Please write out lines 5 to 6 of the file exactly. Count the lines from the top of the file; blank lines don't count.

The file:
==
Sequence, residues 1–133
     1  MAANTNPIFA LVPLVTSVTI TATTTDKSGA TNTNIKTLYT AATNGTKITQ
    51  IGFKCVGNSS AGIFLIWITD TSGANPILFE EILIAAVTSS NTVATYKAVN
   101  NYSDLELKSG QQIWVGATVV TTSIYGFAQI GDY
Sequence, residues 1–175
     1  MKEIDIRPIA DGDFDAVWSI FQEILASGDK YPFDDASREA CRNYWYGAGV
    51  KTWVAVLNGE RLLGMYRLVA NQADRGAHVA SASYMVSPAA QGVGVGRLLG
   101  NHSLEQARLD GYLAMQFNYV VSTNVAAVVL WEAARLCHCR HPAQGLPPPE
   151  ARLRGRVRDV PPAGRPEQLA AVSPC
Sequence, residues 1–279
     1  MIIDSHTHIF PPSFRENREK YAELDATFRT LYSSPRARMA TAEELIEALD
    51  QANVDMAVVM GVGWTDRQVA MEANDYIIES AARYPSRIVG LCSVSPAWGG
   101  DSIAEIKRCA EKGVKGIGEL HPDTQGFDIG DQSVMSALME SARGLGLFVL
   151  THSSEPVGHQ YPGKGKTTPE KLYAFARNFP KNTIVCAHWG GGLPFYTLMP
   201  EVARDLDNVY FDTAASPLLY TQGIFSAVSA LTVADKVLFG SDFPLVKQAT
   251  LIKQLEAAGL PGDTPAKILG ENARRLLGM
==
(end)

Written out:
Sequence, residues 1–175
     1  MKEIDIRPIA DGDFDAVWSI FQEILASGDK YPFDDASREA CRNYWYGAGV